In the UK an IT professional who goes by the alias Jim Browning is battling cyber scams. Fed up with robocalls disrupting his day, Jim decides to fight back. As con artists try to scam him, Jim uses his professional training to reverse engineer his way into their computers. With the ability to see everything on these computers, Jim works to thwart their operations and save potential victims.
[00:00:04] Thank you for dialing support. How can I help you?
[00:00:06] Hello, yes, I've got a problem on my computer. It seems to be locked. There's a warning message. Can you help?
[00:00:13] What is the warning message? Can you please read it for me?
[00:00:16] Yes, it says "security warning, Microsoft warning alert." It says something about Facebook logins and credit card details.
[00:00:24] All right. So you don't need to worry about that. I will help you.
[00:00:31] Bob: Welcome back to The Perfect Scam. I'm your host, Bob Sullivan. This week we've got a special episode.
[00:00:40] Bob: That call you were just listening to, that's not a customer support call. You're listening to a scam. You probably received a call that sounds something like this, hopefully you just hung up. But here's what happens if you don't. A criminal will offer to help fix your computer. It's not really broken, and perhaps try to charge you a few hundred dollars or worse. The criminal might offer a refund for your tech trouble, and then this might happen.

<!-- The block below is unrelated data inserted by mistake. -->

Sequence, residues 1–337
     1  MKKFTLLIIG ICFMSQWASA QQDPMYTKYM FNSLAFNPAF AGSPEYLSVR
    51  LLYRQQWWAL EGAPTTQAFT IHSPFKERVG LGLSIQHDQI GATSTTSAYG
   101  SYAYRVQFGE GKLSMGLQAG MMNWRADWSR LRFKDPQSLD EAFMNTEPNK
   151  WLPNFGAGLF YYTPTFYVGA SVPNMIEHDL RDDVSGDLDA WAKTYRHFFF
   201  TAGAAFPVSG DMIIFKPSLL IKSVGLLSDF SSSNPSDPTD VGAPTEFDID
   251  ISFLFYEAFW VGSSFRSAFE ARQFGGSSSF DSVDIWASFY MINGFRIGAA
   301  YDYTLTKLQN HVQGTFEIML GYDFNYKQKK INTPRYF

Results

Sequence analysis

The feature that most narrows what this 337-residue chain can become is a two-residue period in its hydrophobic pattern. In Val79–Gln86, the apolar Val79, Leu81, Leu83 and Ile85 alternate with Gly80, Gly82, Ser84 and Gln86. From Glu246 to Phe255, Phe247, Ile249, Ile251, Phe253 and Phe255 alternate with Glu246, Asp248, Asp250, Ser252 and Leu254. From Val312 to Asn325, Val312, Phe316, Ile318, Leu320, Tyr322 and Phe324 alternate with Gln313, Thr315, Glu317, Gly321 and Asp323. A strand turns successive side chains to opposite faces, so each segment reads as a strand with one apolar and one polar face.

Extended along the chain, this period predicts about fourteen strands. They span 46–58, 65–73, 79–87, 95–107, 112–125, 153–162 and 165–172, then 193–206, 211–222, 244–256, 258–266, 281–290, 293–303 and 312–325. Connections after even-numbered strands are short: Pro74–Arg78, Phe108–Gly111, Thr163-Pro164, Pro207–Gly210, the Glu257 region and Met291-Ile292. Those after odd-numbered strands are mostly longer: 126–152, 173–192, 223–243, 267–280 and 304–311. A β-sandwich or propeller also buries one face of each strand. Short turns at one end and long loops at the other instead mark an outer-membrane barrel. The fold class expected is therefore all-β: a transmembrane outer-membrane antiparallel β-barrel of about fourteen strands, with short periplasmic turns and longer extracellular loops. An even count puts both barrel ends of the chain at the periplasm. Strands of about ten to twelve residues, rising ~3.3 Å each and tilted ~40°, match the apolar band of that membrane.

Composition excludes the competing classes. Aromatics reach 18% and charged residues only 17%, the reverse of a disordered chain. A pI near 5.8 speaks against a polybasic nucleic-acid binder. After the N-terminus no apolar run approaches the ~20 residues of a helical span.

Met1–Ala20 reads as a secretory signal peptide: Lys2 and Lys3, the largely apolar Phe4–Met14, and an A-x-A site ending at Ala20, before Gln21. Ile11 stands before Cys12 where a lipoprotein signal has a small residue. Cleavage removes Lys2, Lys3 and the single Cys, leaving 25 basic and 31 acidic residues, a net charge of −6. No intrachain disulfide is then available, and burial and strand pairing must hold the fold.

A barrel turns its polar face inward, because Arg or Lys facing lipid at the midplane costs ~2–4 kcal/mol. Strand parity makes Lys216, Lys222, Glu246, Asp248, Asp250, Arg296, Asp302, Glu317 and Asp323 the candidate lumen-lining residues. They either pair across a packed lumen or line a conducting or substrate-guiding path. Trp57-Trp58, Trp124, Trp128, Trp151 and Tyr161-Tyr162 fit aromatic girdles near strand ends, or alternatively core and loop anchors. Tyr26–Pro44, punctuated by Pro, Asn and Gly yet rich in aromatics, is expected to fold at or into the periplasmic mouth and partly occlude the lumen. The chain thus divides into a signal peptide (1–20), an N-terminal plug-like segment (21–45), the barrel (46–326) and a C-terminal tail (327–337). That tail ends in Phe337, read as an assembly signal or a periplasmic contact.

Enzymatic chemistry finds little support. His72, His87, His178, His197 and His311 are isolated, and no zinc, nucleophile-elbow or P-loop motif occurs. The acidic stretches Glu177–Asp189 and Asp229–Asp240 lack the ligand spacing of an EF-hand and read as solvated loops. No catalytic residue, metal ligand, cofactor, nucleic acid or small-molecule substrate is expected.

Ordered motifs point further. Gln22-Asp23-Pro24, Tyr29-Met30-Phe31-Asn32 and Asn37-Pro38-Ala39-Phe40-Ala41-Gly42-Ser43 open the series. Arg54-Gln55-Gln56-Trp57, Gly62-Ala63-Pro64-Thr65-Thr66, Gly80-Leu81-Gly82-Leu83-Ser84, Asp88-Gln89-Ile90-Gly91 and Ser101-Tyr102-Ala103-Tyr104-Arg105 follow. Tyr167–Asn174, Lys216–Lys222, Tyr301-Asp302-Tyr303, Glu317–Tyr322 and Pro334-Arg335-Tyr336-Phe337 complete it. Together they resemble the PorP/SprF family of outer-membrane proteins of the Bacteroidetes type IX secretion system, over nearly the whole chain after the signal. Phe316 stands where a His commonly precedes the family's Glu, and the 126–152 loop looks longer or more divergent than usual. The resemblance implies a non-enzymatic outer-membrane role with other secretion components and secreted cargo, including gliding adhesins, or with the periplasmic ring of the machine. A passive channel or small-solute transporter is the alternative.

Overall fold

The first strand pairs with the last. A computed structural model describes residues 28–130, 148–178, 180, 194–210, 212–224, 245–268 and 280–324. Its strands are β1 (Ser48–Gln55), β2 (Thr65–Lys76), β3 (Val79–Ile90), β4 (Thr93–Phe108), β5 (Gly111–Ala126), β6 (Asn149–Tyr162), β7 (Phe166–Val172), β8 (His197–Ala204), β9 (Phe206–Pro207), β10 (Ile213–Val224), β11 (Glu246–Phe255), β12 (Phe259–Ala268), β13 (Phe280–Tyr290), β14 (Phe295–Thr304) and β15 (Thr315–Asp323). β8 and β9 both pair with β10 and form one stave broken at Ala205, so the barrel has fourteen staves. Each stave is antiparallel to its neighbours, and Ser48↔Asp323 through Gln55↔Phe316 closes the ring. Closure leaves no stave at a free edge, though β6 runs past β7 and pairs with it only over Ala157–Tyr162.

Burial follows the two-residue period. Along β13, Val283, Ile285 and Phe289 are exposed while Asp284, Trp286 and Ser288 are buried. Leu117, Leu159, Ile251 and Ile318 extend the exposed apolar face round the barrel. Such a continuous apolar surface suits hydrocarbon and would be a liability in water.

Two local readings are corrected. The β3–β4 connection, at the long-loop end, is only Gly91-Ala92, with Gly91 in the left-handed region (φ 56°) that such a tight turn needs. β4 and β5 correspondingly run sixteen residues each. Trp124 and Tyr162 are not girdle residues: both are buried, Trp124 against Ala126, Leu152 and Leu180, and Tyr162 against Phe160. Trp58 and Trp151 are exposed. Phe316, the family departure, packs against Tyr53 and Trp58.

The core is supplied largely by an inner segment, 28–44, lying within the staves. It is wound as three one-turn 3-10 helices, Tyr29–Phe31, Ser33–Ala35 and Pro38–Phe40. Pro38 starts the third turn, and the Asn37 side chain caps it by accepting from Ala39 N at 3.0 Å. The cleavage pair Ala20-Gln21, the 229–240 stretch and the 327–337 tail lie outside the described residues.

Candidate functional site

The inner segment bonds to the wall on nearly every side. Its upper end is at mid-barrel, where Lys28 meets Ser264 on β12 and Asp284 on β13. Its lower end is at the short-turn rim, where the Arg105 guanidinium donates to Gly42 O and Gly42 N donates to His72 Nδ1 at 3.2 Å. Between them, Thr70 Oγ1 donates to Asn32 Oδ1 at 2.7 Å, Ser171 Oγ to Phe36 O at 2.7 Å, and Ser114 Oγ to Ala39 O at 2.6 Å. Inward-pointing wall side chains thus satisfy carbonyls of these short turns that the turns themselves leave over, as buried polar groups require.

[00:01:10] Looks like ma'am, I have made a mistake out here. What is the balance you can see right now in your checking account, ma'am?
[00:01:17] All right, ma'am, yes ma'am. Actually I was going to, I was giving you the numbers, the confirmation number for the refund, and at that point of time I was processing you the refund, but by mistakenly, ma'am, I credited $15,000 in your checking account.
[00:01:32] Bob: The panicked operator then begs the woman to send the $15,000 back. Of course, there was no mistake in credit. It's just a way to steal $15,000. And that's how the scam is supposed to work, but unfortunately for the criminal in this case, this is no ordinary scam phone call. This is a call being monitored by an internet vigilante who goes by the name of Jim Browning.
[00:01:59] Jim Browning: With your computer alert, it's easy to see what's going on.
Q: Jim, operating on his own, hacks into scam call centers and interferes with their operations.
[00:02:07] So what we are going to do is, ma'am, it's very easy and simple. We are going to send you $15,000...
Q: In this case, he's one step ahead of the criminal. While Patricia, the victim, gets ready to send money to the criminal through her bank, Jim is on the phone with her bank.
[00:02:25] Jim Browning: While she was talking to the scammers, I was having this conversation with the bank's manager.
[00:02:31] Bank Manager: Yes, sir. This is Dean Feathers, I'm the President of the bank, and I've got a couple of my ladies here with me. So at the bank.
[00:02:37] Jim Browning: Okay.
[00:02:38] Jim Browning: I explained what had happened to Patricia and that I didn't have her phone number.